Senior living communities provide several lifestyle benefits such as maintenance- housing with planned activities, accessible facilities, health care, professional supervision, and more. They offer social connection, a productive and cheerful way of life, and exceptional assistance. Furthermore, they are meticulously developed with seniors’ safety in mind, allowing them to preserve independence while providing support with daily living activities.

The market for retirement homes is growing, and more seniors are looking for living facilities that can provide them with the best care. This market is not only booming but it is also loaded with opportunities. Technology advancements are helping seniors to live more independently and comfortably, opening the way to new interior designs and spatial layouts.

This is true across the senior housing industry, from nursing homes to assisted living facilities (which provide personal and medical care in a clinical setting) (and primarily offer personal care in a home-like social environment).

So, what are the most critical factors for architects, builders, and interior designers to consider when creating these essential senior living facilities?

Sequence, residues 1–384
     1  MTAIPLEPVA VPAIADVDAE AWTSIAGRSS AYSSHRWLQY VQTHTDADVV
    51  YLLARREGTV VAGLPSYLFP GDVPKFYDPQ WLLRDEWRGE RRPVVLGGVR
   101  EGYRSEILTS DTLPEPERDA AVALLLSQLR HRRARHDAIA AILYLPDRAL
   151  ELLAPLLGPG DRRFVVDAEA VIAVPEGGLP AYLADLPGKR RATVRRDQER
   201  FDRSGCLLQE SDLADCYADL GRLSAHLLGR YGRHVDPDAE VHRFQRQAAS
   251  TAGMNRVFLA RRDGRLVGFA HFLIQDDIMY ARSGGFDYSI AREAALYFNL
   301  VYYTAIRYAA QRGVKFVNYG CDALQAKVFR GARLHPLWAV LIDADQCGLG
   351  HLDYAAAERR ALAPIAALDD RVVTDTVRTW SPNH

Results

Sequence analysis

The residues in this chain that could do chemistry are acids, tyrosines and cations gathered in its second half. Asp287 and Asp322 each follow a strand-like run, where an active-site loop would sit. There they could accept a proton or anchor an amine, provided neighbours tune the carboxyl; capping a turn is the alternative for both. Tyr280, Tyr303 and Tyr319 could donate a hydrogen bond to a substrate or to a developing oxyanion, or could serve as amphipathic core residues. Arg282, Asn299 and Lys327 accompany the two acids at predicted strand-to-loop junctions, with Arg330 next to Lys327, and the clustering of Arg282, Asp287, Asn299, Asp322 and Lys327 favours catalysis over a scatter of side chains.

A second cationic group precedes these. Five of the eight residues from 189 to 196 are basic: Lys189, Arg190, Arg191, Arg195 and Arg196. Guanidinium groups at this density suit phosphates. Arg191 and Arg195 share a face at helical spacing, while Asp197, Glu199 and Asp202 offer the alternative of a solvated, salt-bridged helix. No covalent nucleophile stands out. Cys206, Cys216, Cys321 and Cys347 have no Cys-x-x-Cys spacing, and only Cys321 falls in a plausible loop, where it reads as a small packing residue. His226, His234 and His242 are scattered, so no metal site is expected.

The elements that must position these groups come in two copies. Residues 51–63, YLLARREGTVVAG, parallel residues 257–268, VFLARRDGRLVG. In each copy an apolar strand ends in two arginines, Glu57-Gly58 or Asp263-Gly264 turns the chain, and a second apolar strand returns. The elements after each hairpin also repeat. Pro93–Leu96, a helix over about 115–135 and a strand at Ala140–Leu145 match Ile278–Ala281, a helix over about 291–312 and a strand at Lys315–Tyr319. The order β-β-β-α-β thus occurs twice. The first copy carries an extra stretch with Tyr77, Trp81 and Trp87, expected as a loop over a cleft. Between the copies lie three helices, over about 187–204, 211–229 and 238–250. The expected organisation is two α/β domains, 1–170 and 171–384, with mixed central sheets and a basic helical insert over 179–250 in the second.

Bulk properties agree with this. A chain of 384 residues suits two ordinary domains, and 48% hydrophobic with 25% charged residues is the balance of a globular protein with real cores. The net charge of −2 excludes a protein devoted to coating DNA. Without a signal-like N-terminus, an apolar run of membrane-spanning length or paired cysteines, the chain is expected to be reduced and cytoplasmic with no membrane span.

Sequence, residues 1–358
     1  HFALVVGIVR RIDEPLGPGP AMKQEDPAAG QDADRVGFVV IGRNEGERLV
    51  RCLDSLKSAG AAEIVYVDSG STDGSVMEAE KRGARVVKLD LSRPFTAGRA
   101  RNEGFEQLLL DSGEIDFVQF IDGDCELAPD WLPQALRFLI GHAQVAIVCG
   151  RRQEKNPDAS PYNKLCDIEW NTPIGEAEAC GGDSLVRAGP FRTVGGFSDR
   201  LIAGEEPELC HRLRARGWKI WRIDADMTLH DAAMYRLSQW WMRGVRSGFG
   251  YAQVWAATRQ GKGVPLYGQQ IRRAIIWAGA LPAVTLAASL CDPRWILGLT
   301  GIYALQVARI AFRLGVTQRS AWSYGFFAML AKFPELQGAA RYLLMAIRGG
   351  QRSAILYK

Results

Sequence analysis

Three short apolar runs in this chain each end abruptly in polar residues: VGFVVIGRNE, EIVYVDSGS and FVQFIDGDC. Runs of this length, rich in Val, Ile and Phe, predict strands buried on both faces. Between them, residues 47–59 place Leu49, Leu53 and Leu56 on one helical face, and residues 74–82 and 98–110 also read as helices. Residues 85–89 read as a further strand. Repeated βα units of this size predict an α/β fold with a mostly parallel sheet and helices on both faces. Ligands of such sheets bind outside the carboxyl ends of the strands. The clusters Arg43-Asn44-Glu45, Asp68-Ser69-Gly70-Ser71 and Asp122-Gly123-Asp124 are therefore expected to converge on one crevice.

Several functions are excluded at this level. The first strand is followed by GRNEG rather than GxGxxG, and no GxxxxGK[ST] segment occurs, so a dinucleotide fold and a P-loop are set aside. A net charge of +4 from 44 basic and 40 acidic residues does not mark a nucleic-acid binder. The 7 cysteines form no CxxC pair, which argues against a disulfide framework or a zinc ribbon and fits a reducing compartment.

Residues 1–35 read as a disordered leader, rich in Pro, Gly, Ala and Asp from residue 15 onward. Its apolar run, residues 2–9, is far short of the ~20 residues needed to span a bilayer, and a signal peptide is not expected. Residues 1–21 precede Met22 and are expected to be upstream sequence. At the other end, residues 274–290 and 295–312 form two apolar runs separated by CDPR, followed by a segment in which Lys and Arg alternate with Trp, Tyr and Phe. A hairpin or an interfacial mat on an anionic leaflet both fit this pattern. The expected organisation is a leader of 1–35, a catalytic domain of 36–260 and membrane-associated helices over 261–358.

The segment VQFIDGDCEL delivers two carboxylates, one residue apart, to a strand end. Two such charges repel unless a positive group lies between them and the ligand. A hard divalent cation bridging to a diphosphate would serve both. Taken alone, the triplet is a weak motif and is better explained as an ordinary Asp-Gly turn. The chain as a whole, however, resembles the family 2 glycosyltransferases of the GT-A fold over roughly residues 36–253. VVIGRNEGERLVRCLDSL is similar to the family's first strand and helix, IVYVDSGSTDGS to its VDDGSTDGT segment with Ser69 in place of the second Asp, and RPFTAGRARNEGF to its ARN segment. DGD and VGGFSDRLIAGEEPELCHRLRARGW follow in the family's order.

It is essential to consider how you create your senior living facility and where you build it.

In recent years, there has been an increase in demand for senior residences in urbanized center places. Why? Because this environment allows seniors to socialize and interact with others. They no longer feel “stuck” at the institution or as if they must rely on friends and family members to provide them with what they require.

Instead, they can go to a play or a movie in town, dash to the grocery store, and get lunch at a local place without getting confused or traveling too far.

Look for a walking location and add sufficient lighting along the walkways to help individuals find their way back home.

Make living spaces flexible for seniors.

Another critical feature of senior living facilities is the requirement for adaptable rooms and areas. Flexible spaces are non-negotiable, especially if you want to save money on construction expenditures or have a smaller room to work with.